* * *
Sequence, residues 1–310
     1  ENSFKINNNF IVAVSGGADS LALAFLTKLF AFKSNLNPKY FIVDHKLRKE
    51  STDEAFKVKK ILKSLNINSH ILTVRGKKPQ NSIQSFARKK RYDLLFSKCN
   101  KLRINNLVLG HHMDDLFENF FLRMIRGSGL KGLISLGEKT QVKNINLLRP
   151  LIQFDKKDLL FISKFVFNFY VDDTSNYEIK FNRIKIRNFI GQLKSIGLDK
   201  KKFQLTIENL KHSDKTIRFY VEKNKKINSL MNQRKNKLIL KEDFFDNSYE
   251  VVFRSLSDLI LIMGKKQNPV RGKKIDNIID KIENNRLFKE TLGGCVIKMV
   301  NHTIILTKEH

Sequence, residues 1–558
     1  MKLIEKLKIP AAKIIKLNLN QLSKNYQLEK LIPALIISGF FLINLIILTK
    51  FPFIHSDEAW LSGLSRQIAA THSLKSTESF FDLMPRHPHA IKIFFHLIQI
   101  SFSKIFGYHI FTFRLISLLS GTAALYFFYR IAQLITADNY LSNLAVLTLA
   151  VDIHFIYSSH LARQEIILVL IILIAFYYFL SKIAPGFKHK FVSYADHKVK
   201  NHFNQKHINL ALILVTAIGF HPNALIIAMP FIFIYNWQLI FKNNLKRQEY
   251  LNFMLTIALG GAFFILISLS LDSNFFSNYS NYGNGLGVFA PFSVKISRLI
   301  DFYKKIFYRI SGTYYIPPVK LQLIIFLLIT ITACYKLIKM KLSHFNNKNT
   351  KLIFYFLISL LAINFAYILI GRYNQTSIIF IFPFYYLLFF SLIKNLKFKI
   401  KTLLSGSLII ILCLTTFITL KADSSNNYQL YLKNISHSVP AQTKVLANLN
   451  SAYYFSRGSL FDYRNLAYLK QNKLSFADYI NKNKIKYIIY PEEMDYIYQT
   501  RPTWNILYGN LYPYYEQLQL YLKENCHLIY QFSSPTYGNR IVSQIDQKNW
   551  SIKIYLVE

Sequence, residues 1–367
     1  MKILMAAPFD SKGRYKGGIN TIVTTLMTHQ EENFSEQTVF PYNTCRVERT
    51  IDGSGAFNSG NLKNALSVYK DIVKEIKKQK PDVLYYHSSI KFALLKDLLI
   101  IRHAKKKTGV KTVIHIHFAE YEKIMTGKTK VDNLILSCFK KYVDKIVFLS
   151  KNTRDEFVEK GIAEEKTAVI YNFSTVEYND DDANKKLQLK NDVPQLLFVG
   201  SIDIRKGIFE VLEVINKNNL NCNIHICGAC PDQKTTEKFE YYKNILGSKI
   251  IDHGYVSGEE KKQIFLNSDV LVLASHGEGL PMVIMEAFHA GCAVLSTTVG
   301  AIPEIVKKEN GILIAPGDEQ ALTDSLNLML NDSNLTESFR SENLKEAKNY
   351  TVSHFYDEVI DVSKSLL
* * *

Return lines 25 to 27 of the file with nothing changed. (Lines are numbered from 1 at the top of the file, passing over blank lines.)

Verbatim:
   101  IRHAKKKTGV KTVIHIHFAE YEKIMTGKTK VDNLILSCFK KYVDKIVFLS
   151  KNTRDEFVEK GIAEEKTAVI YNFSTVEYND DDANKKLQLK NDVPQLLFVG
   201  SIDIRKGIFE VLEVINKNNL NCNIHICGAC PDQKTTEKFE YYKNILGSKI